CBS chief executive Les Moonves resigned on Sunday, just hours after six more women accused the veteran television executive of sexual misconduct.
The resignation is effective immediately, CBS said in a statement posted on its Web site on Sunday night.
The New Yorker magazine reported the latest allegations included Moonves forcing women to perform oral sex and retaliating when advances were turned away.
Moonves acknowledged relations with three of the women, but said that they were consensual and he had never used his position to hurt women’s careers.
The network did not address the allegations directly, but said that Moonves would donate US$20 million to one or more organizations that support the #MeToo movement and equality for women in the workplace.
“The donation, which will be made immediately, has been deducted from any severance benefits that may be due Moonves,” the statement said.
Moonves again denied the allegations in a statement issued late on Sunday night.
“Untrue allegations from decades ago are now being made against me that are not consistent with who I am,” he said.
“I am deeply saddened to be leaving the company,” Moonves added, calling it “an incredible privilege” to have worked for CBS.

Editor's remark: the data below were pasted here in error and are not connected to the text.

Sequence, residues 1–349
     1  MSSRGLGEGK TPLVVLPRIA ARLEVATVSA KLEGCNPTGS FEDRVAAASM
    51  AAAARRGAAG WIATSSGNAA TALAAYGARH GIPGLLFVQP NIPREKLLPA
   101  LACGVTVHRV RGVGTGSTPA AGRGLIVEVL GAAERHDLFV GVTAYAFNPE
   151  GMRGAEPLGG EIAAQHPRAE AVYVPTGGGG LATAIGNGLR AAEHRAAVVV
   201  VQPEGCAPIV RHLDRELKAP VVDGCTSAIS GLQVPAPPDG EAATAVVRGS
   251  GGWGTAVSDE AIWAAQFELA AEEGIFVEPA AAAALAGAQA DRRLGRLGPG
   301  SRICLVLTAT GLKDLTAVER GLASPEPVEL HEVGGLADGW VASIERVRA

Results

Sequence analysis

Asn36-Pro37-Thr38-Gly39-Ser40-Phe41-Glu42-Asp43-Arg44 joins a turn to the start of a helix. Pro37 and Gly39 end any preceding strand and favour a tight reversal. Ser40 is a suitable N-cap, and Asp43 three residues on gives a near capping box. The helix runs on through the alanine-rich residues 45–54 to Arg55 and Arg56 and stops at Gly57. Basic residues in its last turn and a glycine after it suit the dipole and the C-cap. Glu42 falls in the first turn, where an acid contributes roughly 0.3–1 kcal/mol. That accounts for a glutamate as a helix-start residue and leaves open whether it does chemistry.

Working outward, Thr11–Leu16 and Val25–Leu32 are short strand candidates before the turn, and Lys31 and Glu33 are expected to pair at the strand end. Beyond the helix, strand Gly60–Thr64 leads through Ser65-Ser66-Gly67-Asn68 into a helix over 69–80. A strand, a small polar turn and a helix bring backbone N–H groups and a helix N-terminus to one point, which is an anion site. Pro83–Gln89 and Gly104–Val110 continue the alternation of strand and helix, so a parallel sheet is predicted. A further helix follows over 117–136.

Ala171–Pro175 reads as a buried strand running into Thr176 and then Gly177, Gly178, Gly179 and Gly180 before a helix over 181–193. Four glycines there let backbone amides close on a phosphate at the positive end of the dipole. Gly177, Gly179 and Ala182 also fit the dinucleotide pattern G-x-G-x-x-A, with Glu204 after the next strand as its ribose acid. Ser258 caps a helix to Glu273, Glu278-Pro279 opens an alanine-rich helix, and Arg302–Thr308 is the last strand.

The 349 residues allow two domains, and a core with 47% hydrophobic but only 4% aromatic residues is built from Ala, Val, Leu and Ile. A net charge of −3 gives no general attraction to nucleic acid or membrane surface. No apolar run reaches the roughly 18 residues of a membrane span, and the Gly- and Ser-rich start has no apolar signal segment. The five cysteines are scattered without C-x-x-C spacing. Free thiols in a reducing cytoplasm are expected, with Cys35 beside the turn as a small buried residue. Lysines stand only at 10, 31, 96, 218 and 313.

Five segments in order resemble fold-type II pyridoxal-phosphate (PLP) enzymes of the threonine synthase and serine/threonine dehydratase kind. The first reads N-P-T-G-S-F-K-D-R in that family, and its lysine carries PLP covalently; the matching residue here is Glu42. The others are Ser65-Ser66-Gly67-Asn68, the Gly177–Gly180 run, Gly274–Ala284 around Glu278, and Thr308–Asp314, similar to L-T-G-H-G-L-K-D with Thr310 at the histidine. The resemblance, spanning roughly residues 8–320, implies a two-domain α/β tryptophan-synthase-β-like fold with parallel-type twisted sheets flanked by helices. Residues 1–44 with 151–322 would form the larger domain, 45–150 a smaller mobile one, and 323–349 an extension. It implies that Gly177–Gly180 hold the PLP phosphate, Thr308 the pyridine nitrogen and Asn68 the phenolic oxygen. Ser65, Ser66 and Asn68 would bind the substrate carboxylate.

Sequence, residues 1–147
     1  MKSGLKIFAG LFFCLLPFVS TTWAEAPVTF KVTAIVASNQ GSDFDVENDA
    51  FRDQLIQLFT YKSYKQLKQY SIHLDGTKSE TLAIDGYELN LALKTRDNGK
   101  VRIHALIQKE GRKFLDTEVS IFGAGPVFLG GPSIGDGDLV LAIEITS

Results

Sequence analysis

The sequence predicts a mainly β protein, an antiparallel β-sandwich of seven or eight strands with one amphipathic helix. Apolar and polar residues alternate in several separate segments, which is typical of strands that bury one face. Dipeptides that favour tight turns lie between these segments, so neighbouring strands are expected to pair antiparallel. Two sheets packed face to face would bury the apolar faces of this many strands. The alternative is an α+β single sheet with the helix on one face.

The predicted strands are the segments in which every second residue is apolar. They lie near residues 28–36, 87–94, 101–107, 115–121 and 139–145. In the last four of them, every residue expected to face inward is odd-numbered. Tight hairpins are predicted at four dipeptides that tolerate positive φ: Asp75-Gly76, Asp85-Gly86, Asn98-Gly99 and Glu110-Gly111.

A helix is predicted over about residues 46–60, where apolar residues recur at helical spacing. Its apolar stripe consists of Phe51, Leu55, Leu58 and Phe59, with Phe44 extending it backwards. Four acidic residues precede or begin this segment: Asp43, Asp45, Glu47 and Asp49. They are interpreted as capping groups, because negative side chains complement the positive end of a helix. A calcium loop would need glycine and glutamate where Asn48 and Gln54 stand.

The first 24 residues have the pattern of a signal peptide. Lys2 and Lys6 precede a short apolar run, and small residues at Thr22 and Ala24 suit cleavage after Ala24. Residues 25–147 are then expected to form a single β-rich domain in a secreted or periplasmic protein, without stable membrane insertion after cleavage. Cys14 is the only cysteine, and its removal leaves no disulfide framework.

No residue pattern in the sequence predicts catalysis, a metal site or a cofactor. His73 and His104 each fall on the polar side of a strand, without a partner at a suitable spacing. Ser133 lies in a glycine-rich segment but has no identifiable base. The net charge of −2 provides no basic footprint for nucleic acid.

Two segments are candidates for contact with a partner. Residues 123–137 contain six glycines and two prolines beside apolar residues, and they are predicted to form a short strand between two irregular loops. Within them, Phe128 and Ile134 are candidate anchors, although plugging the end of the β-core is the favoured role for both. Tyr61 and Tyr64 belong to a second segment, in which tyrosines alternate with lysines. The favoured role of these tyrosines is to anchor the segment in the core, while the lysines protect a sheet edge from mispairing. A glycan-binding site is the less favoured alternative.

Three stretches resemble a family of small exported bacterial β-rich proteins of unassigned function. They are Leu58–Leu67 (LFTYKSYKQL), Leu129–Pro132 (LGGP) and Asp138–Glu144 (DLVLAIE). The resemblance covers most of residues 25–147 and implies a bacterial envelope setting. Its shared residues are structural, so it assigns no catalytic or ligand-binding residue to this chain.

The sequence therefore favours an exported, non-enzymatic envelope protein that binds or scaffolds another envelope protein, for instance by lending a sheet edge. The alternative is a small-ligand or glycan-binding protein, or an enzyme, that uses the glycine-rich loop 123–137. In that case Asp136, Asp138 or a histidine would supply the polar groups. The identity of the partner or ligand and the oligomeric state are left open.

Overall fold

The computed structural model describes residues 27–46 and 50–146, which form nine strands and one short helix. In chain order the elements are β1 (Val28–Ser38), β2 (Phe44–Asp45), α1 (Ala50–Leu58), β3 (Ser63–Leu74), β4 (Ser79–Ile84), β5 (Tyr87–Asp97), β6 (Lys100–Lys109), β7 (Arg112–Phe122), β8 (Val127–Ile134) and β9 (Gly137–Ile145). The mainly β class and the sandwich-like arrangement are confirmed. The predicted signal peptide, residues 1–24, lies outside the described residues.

“The best part of this journey has been working alongside the dedicated and talented people in this company,” he said.
Hours before his resignation, the New Yorker magazine reported sexual misconduct allegations from six additional women against Moonves, who was already under investigation for similar allegations made by six others.
As that investigation progressed, it was widely reported that Moonves would leave the network shortly and was negotiating a severance package.
However, CBS on Sunday said that no severance agreement has been reached.
Moonves joined CBS as head of entertainment in 1995, and has been CEO of CBS Corp since 2006, leading the CBS network, Showtime TV network and other entities.
One of Moonves’ accusers, Phyllis Golden-Gottlieb, also reported her accusations to Los Angeles police last year, but they were not pursued because the statute of limitations had expired.
She said that Moonves, while an executive at the Lorimar production studio in the late 1980s, pushed her head into his lap and forced her to perform oral sex.
At another time, she said that an angry Moonves pushed her hard against a wall and when she resisted later advances, she began to be frozen out at the company.
“He absolutely ruined my career,” she told The New Yorker.
Another woman, Jessica Pallingston, said that Moonves forced her to perform oral sex on her first day working as his assistant at Warner Bros productions.
Other women told the magazine of unwanted touching or advances.
In a statement to the magazine, Moonves said the “appalling accusations” are untrue, but he acknowledged consensual relations with three of the women before he started working at CBS.
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